Salespeople for U.S. Energy Savings Corp. falsely promised savings, circulated bogus petitions “to lower heating bills” and claimed to work for regulated utilities and the government to lure people into “some of the worst natural gas deals in Illinois history,” a consumer coalition charged in a complaint filed last week. The company, however, denied the allegations and said it will “vigorously defend the action.”

The complaint was filed by the Citizens Utility Board (CUB), AARP Illinois and Citizen Action/Illinois. It asks the Illinois Commerce Commission (ICC) to ban U.S. Energy’s “deceptive tactics,” wipe out illegally high “exit” fees, levy fines of up to $10,000 for each violation of Illinois’ alternative gas supplier law, and consider revoking its certification to operate in Illinois.

“Enough is enough,” said CUB Executive Director David Kolata, whose organization has received about 2,500 inquiries/complaints about U.S. Energy since September 2003. “We want the ICC to do everything in its power to stop U.S. Energy’s shady practices. Illinois should protect consumers from being scammed out of hundreds of dollars at their own doorstep.”

This is CUB’s second complaint against the Canadian company in as many years. After a 2006 settlement that won relief for many customers (see NGI, May 1, 2006), U.S. Energy promised to improve. However, CUB said it has gotten a steady stream of complaints — more than 1,500 since January of 2007 — as the company pushed high-priced plans for the winter heating season. U.S. Energy, which has an “unsatisfactory” rating from the Better Business Bureau of Chicago and Northern Illinois, currently locks its customers into a price of about $1.11 per therm to nearly $1.18 per therm for four or five years. Market prices have only reached those levels for a few months in the winter of 2005-2006, the most expensive heating season in Illinois history. CUB’s Gas Market Monitor, an on-line tracking tool, shows that about 99% of U.S. Energy’s plans have lost or are losing customers’ money — on average about $750.

The complaint alleges that U.S. Energy’s sales tactics violate a number of Illinois laws, including the Consumer Fraud and Deceptive Business Practices Act. Customers have alleged that U.S. Energy sales representatives guaranteed savings. One customer wrote that he was “tricked” into signing a contract by a salesman who said it was a petition for “lower gas prices.” A U.S. Energy salesman claimed the company was a government entity working with Peoples Gas to “lower long-term gas prices.” In another case, a representative pitched a “government program to protect people from rising gas prices.” U.S. Energy employees also were seen wearing badges that prominently displayed “Illinois Commerce Commission” or “ICC.”

According to CUB, U.S. Energy has threatened to charge high “exit” fees to get out of the company’s contracts: $1,800, $740, $400, $890 — and more than $1,500 for one couple who had signed up for U.S. Energy service thinking they were enrolling in the Peoples Gas “budget plan.” These “unreasonably high” fees are an “illegal penalty for cancellation of service under Illinois law,” the complaint alleges.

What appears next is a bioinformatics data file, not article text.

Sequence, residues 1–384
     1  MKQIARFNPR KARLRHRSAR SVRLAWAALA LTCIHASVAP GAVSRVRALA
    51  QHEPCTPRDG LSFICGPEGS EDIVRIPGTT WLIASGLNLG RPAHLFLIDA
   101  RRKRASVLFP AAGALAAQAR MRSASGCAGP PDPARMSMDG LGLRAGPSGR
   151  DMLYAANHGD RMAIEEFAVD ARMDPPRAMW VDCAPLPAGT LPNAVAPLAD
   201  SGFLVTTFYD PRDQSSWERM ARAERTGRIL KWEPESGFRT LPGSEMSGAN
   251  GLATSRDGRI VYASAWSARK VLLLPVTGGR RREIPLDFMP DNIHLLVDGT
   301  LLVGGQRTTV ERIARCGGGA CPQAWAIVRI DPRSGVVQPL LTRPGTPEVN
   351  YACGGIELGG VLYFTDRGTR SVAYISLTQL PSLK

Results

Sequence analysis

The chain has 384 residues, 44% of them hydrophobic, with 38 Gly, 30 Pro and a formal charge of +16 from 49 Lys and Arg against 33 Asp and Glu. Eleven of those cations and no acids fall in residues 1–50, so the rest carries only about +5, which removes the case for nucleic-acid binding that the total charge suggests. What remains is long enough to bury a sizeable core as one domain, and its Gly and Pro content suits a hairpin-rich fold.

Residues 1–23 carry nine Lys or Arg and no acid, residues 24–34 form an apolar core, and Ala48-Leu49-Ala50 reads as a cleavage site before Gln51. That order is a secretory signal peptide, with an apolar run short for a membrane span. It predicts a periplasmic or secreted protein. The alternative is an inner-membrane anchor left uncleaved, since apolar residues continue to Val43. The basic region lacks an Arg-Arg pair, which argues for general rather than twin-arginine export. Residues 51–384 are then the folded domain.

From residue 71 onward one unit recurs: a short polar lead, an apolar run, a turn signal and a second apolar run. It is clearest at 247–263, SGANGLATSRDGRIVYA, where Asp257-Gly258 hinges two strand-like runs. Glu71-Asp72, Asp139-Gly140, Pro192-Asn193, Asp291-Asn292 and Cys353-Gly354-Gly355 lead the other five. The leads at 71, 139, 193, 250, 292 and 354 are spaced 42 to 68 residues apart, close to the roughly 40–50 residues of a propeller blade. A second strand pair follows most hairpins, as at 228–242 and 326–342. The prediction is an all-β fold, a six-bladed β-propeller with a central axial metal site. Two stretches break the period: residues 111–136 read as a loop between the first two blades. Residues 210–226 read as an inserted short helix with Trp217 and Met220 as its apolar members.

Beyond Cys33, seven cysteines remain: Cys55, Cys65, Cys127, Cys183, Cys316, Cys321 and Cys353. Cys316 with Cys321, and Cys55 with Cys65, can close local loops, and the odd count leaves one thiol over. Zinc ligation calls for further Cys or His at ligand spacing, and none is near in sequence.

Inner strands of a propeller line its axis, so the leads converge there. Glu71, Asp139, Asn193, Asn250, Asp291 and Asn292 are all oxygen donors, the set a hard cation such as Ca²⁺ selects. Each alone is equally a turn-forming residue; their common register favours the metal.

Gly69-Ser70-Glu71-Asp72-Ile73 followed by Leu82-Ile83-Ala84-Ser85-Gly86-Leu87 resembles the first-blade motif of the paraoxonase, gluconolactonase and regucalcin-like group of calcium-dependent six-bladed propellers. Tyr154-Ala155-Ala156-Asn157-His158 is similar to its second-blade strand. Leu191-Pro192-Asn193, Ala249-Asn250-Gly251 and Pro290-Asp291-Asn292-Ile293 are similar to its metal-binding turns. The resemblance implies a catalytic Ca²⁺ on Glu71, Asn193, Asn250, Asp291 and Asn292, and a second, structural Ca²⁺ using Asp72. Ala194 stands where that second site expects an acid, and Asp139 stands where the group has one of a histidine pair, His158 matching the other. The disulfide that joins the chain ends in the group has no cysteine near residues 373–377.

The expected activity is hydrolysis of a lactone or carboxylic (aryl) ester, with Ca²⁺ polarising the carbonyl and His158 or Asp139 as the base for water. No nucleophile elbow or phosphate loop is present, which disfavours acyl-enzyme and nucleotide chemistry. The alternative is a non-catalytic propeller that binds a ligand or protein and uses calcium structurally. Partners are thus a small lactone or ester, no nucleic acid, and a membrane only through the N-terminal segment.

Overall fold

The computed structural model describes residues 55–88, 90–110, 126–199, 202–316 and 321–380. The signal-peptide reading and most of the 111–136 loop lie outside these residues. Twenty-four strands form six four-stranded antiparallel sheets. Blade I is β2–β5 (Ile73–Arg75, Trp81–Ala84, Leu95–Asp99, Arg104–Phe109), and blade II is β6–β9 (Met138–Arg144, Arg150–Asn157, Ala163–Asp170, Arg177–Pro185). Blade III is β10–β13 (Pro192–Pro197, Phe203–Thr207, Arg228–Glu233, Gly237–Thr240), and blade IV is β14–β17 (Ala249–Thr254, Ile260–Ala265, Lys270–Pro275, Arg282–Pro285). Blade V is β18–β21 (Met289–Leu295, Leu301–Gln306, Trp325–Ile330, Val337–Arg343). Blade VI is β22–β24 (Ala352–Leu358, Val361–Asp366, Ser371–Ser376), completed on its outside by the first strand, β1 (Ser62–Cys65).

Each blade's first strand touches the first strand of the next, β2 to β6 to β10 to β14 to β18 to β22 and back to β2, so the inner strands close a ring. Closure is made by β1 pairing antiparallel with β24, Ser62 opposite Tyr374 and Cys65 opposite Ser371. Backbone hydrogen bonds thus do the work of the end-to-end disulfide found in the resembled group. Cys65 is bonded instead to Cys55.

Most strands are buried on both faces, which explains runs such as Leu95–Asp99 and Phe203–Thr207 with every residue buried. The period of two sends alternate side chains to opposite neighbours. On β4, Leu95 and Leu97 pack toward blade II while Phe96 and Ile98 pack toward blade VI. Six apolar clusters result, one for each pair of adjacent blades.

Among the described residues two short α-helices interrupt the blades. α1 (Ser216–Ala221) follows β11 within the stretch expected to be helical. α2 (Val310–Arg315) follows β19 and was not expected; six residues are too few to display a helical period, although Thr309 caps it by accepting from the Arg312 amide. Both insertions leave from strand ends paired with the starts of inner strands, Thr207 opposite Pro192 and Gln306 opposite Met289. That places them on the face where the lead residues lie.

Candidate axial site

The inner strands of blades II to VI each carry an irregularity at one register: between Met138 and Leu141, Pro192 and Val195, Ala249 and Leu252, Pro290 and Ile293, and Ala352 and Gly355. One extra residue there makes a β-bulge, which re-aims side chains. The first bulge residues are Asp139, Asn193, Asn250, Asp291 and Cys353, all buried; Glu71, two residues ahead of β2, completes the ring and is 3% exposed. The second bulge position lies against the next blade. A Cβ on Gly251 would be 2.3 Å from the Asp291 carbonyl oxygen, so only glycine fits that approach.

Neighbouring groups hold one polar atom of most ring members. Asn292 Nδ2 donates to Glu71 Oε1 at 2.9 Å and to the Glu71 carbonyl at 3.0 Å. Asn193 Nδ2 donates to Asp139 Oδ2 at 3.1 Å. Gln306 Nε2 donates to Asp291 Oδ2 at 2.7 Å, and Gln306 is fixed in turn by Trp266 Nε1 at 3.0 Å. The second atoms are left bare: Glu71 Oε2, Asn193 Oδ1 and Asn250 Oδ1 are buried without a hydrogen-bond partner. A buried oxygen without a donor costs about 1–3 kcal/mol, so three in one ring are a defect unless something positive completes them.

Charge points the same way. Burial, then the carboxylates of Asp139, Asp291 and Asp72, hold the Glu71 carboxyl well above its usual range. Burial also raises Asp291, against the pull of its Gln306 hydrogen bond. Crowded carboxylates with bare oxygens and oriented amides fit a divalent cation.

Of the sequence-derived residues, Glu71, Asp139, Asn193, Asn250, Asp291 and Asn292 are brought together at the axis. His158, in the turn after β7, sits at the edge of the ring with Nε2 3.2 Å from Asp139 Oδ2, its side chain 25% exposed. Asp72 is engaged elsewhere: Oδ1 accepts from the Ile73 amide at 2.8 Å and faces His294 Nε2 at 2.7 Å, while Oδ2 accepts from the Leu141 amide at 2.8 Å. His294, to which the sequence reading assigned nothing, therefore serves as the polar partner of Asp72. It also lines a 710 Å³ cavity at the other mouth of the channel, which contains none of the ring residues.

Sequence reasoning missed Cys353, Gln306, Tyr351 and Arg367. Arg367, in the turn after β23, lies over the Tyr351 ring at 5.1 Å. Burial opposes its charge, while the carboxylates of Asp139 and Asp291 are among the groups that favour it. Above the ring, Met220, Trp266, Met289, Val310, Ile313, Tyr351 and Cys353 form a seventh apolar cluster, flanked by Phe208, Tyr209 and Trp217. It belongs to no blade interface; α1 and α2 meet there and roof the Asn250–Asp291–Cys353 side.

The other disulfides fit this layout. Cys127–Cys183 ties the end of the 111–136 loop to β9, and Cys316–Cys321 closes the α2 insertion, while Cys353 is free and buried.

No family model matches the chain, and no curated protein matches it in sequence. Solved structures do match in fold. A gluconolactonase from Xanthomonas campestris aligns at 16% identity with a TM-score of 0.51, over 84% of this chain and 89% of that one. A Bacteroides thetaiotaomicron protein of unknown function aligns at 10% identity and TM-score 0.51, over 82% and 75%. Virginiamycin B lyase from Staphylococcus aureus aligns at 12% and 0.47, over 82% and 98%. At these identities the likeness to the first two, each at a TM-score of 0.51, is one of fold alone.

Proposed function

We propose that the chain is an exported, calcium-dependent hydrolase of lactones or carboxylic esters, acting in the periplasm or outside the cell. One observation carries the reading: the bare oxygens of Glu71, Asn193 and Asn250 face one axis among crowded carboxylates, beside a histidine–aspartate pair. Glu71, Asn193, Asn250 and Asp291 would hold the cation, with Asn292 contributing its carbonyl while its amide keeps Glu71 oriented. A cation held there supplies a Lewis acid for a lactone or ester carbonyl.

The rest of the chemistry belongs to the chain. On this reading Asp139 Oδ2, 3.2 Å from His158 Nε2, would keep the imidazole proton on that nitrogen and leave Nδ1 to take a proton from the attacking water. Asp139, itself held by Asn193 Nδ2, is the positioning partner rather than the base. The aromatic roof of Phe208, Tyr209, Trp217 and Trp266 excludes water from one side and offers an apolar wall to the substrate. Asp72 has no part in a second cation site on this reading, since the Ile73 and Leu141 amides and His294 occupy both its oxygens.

“Providing a value-added service to customers in Illinois is paramount to our business,” countered U.S. Energy President Ken Hartwick. “[U.S. Energy] customers have signed up at rates as low as 73.9 cents/therm, 87.5 cents per therm and 90.5 cents per therm. We have tens of thousands of customers paying less than the current utility rates — all because they signed up with [U.S. Energy]. Current utility rates in Illinois are between 95 cents and over one dollar per therm. There is no doubt in my mind that freedom from the volatility of market rates is of real benefit to our customers.”

The company said it has attempted to work with CUB to ensure that CUB’s website is accurate and up to date “so that customers are not misinformed about our prices. The CUB’s lack of cooperation in this regard has made it difficult for [U.S. Energy] to work with them in a positive and constructive manner,” the company said. “Even today, the CUB website contains depictions of [U.S. Energy] pricing and representations about [U.S. Energy] offerings that could mislead customers.”

A recent CBS 2 undercover probe backs up the coalition’s complaint, it said, revealing that sales trainees were encouraged to promise savings and offer protection from any of the upcoming price increases. This is misleading because all consumers must pay the utility — Nicor Gas, North Shore Gas or Peoples Gas — to deliver gas to their homes, the coalition said. Those “delivery” prices could be subject to rate hikes that customers can’t escape.

The company said it has recently made a number of enhancements to its business processes and materials to maintain quality. Changes include an extended cancellation period and language that reiterates the consequences of canceling a contract.

CUB has not been a fan of competitive natural gas plans. In 2006 it said customers “lose money” under most retail gas plans (see NGI, April 3, 2006). Last year CUB said utilities and not competitive marketers offer the best deal for natural gas consumers (see NGI, Sept. 24, 2007).

U.S. Energy sells energy to residential and commercial customers under long-term, fixed-price contracts. The company is part of Energy Savings Group, a group of North American retailers collectively serving nearly 1 million natural gas and electricity customer accounts in Illinois, Indiana, Texas and New York, as well as Ontario, Alberta, Manitoba, Quebec and British Columbia. U.S. Energy is a subsidiary of Energy Savings Income Fund.

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